Most who flock to hear Monckton are white, elderly and wealthy. They like their life as it is and don’t want inconvenient truths disturbing their repose. Nor will they be around long enough to face up to the consequences. Monckton’s shtick is a grab-bag of half-truths, innuendo and hints of world government his troubled audience lap up. Once you accept climate change as true, you are compelled to act on it. Hence the importance of the soothing balm telling people “don’t worry, it doesn’t exist and there is no reason to change what you are currently doing”.
When Gilbert died in 2006, eldest son Christopher became the 3rd Viscount Monckton of Brenchley. Like his forebears he was educated at Harrow and followed his father to Cambridge. Also like his father Christopher failed in his bid to be elected to the House of Lords and did not pick up a single vote in the 2007 by-election he contested. After he left Cambridge in 1974 with an MA he became a journalist and joined the conservative think tank the Centre for Policy Studies. His paper on the privatisation of council housing attracted the attention of the Thatcher Government and he worked for the Downing St policy unit for four years.
In 1986 he returned to journalism, first at Today then at the Evening Standard. In 1999 Monckton became prominent for his board game called the Eternity Puzzle. 209 irregularly shaped pieces were required to fill the 12-sided puzzle and Monckton offered a prize of £1m to solve it. Monckton said he had to sell his £1.5m Aberdeenshire mansion to the eventual winners, but recouped this amount thanks to his clever marketing of the game.
Since his peerage in 2006, Monckton has been most closely associated global warming conspiracy. He took issue with the Stern Report, the IPCC and the British Labour government all of whom he accused of “creating world government”. He claimed the changes in temperature preceded the changes in CO2 levels and said the UN ignored the medieval warm period. He said the Antarctic has cooled and gained ice-mass in the past 30 years. He said the sun caused what little global warming there was. Although not a single peer-reviewed scientific paper backed any of this up, newspapers like the Daily Telegraph gave Monckton credibility and a wider audience.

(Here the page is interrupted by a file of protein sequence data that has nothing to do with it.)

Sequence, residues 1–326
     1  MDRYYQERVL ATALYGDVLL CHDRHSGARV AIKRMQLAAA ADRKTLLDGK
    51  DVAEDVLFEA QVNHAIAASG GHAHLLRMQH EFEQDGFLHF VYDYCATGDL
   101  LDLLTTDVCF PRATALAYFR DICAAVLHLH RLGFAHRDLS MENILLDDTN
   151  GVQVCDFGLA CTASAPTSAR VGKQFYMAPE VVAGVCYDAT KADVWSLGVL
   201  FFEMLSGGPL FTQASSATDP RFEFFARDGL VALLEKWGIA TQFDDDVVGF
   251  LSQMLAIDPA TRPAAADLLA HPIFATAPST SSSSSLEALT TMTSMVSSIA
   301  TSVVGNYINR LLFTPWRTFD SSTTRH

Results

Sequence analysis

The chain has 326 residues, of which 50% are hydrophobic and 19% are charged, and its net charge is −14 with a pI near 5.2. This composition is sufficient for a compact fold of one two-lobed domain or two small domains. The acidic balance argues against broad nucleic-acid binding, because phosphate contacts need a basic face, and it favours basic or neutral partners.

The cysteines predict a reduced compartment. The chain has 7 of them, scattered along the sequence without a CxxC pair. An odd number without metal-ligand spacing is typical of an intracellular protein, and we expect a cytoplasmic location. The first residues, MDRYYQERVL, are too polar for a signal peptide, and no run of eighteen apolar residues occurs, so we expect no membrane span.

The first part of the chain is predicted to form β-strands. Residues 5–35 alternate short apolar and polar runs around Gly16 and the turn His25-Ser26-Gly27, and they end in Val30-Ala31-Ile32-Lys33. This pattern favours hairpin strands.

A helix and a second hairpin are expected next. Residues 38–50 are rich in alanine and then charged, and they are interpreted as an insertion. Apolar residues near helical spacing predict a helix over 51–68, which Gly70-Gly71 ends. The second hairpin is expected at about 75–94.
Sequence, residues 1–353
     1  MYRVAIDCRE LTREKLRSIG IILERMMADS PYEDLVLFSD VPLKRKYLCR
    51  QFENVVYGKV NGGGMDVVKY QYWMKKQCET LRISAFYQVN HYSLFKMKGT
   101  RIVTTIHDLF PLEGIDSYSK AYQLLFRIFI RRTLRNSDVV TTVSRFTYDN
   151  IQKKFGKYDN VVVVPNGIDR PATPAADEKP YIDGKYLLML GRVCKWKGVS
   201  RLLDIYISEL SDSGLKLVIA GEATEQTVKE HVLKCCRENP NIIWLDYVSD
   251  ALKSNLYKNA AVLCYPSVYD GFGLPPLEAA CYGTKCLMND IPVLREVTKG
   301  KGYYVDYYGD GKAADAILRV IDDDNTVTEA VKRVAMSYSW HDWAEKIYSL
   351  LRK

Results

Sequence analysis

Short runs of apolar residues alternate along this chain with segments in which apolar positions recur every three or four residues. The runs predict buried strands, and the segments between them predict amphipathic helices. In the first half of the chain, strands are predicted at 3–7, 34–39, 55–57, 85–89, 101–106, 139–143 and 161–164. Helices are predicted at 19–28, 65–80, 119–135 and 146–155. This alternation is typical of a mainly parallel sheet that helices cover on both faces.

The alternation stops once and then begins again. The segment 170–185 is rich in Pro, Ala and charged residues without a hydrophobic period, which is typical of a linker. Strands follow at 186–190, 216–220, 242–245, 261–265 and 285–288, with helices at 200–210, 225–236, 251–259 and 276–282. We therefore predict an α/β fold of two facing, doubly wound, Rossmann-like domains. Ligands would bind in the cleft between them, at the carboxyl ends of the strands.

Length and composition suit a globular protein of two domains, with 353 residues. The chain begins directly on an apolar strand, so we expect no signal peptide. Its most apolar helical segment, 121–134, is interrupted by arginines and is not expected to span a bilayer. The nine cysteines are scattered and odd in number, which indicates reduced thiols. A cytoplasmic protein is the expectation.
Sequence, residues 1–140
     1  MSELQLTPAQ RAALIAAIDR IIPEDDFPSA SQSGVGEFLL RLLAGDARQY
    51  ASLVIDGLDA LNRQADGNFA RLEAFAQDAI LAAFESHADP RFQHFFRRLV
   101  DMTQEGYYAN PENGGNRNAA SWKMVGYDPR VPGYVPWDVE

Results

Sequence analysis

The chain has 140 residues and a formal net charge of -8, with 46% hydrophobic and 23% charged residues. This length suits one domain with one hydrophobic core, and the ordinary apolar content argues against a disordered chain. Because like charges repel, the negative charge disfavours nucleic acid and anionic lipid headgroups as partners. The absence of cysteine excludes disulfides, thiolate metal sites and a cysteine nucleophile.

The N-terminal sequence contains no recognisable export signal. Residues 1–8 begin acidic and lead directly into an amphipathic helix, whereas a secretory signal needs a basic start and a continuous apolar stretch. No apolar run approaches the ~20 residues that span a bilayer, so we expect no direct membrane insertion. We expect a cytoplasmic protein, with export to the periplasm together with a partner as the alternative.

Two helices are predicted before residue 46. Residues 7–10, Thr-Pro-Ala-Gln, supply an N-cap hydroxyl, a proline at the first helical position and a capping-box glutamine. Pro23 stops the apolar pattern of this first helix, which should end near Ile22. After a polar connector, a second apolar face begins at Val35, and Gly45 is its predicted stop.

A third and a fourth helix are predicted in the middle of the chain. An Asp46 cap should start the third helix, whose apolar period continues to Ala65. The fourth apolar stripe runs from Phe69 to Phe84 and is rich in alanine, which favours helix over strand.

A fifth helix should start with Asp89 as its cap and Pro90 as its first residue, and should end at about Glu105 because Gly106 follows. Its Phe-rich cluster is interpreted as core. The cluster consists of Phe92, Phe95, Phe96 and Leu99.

Monckton is slowly getting the gravitas he craves despite a head full of crackpot ideas. Among these is that upon reading Rachel Carson’s A Silent Spring Jackie Kennedy forced her husband President John F Kennedy to ban DDT which Monckton said “caused the death of 40 million people”. He also got away with telling many hopelessly underprepared Australian journalists he won a Nobel Peace in 2007, a lie he later laughed off as a joke.
Monckton has turned himself into a walking joke. He revels in the role of poster boy for the far right which cannot accept the truth of global warming because that would mean accepting political opponents were correct. Monckton and his coterie are on a roll. A pessimistic George Monbiot wrote in November: “There is no point in denying it: we’re losing. Climate change denial is spreading like a contagious disease.” But as his Australian trip is proving Monckton’s contagion is limited to fellow-travellers in the media and self-funded retirees. No scientist has emerged to back him up. As even the conservative pro-farmer Fairfax publication The Land has realised, he is only preaching to the converted.